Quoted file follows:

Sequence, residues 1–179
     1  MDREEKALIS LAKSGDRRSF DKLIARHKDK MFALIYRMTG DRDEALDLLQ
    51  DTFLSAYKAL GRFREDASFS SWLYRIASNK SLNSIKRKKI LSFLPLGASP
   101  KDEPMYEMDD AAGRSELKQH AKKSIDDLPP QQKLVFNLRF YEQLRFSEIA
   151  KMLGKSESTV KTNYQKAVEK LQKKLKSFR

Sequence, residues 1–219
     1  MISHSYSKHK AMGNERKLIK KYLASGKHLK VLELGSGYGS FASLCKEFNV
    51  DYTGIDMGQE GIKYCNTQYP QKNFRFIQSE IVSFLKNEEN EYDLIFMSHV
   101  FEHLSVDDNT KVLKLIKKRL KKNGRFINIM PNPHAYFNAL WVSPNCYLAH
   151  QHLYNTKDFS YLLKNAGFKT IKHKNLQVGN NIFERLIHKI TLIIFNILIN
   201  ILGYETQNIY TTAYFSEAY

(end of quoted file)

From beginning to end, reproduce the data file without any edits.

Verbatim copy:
Sequence, residues 1–179
     1  MDREEKALIS LAKSGDRRSF DKLIARHKDK MFALIYRMTG DRDEALDLLQ
    51  DTFLSAYKAL GRFREDASFS SWLYRIASNK SLNSIKRKKI LSFLPLGASP
   101  KDEPMYEMDD AAGRSELKQH AKKSIDDLPP QQKLVFNLRF YEQLRFSEIA
   151  KMLGKSESTV KTNYQKAVEK LQKKLKSFR

Sequence, residues 1–219
     1  MISHSYSKHK AMGNERKLIK KYLASGKHLK VLELGSGYGS FASLCKEFNV
    51  DYTGIDMGQE GIKYCNTQYP QKNFRFIQSE IVSFLKNEEN EYDLIFMSHV
   101  FEHLSVDDNT KVLKLIKKRL KKNGRFINIM PNPHAYFNAL WVSPNCYLAH
   151  QHLYNTKDFS YLLKNAGFKT IKHKNLQVGN NIFERLIHKI TLIIFNILIN
   201  ILGYETQNIY TTAYFSEAY